The reason why we neglect marginal successes is because the mythology of democracy is a mythology of progress, of what Francis Fukuyama called the end of history. If human societies are moving inexorably towards liberal democracy, there is no reason to be joyful about the lack of hiccups on the path towards freedom. Fukuyama's view is essentially a theological view of society, but there is no reason to accept it. The end of the cold war in the west made Fukuyama and others think that liberal democracy was the final word in human progress.
The liberal utopia is now officially dead; it was always a distant dream but Bush and his crusade towards democracy ended any talk about the end of history. Instead it now seems as if democracy is neither natural nor sustainable without active participation by citizens of democratic countries. If human societies in general are on a random walk towards nowhere in particular, then societies that protect basic liberties are to be commended for their lack of failures as much as they should be criticised for their lack of successes. Here, Indian democracy has worked. However, its shine cannot be seen when you compare it with the west.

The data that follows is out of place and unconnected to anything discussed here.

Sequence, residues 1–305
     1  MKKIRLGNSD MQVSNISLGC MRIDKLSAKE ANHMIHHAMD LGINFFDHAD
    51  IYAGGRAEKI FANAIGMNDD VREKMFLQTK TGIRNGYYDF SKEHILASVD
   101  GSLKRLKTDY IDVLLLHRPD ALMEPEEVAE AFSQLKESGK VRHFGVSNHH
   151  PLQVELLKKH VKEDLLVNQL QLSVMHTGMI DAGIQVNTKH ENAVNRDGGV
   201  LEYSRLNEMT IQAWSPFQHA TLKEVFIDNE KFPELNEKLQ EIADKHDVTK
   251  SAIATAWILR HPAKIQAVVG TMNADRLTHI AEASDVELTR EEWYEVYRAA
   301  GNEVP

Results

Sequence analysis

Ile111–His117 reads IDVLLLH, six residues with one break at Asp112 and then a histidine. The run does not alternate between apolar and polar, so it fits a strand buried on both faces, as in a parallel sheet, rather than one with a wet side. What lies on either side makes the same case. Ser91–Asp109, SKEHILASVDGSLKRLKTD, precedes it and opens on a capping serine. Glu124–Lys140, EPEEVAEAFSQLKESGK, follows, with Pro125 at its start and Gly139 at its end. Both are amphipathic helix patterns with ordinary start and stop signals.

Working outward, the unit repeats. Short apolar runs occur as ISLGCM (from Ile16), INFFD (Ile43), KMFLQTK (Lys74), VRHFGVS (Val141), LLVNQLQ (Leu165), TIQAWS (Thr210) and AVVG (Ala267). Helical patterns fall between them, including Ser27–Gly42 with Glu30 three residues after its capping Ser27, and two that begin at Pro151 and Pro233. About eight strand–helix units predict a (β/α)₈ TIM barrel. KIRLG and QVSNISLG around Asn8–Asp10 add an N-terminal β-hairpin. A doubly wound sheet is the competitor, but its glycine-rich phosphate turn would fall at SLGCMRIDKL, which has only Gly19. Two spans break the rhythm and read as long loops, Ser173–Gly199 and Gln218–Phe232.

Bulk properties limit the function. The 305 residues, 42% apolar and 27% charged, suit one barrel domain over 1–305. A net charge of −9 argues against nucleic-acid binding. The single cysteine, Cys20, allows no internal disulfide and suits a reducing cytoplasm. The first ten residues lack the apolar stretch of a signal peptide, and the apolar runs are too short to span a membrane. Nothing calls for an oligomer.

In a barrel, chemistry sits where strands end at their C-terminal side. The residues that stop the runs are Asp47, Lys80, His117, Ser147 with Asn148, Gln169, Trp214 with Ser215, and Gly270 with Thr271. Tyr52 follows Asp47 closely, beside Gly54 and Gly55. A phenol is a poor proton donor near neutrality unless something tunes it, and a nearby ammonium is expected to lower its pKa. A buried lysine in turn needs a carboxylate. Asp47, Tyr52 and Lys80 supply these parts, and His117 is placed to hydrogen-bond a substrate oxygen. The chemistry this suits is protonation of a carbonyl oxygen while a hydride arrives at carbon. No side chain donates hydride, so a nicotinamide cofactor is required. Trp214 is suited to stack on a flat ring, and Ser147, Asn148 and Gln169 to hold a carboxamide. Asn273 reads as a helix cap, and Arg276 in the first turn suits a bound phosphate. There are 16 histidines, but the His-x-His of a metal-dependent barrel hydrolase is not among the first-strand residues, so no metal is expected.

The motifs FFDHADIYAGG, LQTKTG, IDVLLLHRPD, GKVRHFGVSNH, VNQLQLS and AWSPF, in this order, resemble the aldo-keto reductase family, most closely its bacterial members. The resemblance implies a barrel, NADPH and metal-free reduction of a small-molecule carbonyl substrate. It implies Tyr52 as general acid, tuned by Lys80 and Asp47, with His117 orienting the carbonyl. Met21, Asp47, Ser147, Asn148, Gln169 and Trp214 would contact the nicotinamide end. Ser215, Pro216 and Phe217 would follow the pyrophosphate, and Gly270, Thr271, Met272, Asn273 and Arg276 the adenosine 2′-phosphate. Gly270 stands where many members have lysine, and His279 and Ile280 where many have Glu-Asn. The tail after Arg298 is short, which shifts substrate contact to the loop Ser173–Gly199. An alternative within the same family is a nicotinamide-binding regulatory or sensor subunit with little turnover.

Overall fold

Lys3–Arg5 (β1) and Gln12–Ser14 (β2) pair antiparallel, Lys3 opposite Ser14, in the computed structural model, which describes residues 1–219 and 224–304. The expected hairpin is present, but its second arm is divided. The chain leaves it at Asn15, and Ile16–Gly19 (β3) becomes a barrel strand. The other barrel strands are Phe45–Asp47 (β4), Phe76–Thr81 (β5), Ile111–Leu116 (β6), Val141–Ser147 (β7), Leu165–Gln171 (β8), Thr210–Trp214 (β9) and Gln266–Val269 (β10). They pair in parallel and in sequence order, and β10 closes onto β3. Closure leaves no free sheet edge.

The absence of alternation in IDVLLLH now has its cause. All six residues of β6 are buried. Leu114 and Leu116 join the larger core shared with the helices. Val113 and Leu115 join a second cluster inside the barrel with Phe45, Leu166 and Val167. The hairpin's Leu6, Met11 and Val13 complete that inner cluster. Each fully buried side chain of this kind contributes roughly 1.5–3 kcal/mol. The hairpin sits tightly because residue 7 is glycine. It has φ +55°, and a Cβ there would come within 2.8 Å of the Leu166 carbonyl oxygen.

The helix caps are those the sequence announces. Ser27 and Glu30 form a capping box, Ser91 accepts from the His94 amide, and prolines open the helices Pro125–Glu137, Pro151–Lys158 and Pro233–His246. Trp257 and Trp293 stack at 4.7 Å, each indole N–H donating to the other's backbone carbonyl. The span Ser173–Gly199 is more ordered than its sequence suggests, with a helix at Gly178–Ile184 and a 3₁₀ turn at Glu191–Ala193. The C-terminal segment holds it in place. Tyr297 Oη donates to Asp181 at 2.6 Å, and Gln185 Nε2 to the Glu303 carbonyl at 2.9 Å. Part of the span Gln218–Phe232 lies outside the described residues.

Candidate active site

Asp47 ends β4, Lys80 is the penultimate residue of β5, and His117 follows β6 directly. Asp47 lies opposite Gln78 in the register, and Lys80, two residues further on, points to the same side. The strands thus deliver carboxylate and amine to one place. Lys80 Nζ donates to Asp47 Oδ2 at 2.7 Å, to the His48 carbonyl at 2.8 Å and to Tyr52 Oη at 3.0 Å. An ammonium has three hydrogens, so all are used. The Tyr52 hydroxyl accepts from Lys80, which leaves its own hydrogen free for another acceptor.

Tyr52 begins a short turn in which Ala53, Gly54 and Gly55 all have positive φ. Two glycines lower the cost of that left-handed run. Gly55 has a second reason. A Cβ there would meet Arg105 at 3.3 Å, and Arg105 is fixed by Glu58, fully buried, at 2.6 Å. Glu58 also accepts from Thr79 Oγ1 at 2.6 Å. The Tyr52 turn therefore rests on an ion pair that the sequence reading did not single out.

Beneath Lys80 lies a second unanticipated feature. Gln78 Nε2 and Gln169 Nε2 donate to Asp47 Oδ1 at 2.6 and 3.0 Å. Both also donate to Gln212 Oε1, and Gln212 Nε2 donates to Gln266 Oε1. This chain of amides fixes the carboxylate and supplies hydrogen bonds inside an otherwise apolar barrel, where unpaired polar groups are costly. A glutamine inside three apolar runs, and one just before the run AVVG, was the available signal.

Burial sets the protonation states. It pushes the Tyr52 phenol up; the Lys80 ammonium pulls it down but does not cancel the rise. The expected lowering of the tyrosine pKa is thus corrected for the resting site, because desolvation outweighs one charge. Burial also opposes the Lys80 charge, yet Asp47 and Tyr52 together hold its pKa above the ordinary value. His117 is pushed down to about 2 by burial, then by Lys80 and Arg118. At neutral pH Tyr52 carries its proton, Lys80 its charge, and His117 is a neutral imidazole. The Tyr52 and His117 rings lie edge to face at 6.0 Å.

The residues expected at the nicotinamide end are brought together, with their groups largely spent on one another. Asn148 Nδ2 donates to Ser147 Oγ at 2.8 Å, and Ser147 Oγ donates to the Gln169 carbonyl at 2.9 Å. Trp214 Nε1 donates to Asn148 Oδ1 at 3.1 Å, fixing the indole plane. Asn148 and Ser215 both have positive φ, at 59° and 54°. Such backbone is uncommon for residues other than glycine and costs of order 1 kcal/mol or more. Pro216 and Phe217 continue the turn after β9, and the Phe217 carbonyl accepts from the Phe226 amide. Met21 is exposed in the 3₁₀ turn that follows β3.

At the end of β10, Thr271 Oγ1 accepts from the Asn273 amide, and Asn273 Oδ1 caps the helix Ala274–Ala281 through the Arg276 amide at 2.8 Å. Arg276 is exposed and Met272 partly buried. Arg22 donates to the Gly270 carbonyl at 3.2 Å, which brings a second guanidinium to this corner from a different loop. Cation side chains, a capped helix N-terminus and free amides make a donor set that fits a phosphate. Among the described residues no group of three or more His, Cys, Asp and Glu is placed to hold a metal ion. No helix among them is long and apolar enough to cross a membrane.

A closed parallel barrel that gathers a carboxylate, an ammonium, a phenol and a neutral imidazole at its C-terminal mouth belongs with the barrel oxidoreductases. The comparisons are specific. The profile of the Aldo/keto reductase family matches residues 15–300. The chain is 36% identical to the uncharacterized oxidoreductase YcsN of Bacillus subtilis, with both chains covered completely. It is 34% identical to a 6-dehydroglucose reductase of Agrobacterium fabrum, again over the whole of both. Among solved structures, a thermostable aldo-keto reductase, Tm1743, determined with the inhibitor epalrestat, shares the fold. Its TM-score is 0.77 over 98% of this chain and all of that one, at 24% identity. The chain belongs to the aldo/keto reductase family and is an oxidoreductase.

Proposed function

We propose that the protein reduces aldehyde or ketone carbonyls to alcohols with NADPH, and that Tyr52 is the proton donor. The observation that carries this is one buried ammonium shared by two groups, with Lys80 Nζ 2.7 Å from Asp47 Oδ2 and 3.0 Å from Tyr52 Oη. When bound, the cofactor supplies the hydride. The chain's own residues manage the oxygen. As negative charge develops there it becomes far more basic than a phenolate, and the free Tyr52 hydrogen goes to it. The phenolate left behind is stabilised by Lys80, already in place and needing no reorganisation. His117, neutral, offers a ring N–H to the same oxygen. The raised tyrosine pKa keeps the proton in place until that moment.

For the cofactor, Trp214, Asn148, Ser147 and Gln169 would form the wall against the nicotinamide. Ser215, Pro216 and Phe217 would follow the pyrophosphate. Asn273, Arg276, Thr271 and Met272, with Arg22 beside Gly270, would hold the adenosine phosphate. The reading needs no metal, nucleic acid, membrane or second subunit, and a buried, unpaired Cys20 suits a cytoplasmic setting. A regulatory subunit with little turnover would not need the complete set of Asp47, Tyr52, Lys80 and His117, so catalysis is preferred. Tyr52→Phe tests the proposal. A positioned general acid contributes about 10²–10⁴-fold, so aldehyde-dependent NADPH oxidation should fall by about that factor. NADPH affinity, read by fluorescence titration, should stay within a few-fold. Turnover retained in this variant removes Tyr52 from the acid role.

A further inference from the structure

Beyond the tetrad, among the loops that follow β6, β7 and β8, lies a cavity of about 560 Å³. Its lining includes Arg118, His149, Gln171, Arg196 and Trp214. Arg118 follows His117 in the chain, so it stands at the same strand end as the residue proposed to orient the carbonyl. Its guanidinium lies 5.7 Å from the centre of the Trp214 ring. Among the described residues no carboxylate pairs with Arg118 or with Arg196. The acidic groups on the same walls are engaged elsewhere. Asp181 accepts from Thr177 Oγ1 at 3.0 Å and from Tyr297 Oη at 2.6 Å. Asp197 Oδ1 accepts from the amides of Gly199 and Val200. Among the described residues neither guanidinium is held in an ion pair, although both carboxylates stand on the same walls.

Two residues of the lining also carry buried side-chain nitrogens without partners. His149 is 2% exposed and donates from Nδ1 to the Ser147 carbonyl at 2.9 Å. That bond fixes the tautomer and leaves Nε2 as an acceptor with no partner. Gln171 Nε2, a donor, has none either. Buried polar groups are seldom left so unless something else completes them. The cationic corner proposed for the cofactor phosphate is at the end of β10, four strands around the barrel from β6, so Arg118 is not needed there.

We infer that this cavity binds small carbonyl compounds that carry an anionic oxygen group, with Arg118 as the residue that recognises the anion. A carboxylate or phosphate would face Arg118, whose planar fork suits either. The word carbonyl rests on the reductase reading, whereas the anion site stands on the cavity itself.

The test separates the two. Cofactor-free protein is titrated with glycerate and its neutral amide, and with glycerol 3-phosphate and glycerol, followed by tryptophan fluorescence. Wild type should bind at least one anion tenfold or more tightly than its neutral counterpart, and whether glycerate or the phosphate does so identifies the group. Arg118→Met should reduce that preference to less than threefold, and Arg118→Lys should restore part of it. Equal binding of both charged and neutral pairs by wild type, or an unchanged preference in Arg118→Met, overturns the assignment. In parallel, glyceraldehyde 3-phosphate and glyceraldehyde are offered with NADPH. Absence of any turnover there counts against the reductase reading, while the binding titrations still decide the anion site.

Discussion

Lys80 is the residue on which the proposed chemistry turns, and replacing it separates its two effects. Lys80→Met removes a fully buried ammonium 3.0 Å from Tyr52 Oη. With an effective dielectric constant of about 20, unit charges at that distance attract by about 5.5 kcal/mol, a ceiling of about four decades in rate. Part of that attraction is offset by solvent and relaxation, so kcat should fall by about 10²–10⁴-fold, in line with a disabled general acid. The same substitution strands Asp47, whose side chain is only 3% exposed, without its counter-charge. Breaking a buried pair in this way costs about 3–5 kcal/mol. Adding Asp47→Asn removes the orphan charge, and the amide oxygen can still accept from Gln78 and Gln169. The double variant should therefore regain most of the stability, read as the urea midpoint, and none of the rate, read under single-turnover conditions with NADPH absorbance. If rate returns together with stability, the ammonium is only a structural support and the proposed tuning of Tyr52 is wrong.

In the western world, liberal democracy took three hundred years to achieve, a period that saw plenty of war, slavery and oppression. In 1945, the western world had almost destroyed itself in an orgy of violence. Liberal democracy was established in Western Europe after the alternatives revealed themselves as horrendously painful. India, on the other hand, saw democracy for the first time in 1947. Our marginal successes include the prevention of human disasters that were considered inevitable by knowledgeable western (and Indian) commentators.
I am harping on our marginal successes, for we are seeing quite a few disturbing developments in the past year or so, developments that might seem unbearable if not set against a larger context. In the last few months, we have seen more than a few instances where democracy has colluded with our worst impulses to produce sectarian violence. Whether it is Hindu-Christian violence in Orissa and Karnataka, the brutality of Nandigram or the anti-North Indian agitation in Maharashtra, we are seeing one example after another of violence going hand in hand with electoral politics. Of course, there is nothing peculiar about West Bengal or Maharashtra. We might well see 'pro-Tamil' agitations in Tamilnadu and anti-Muslim riots in Gujarat before next years elections. It is as if nothing is sacred in the quest for electoral power. All is fair in love, war and politics.
An odd juxtaposition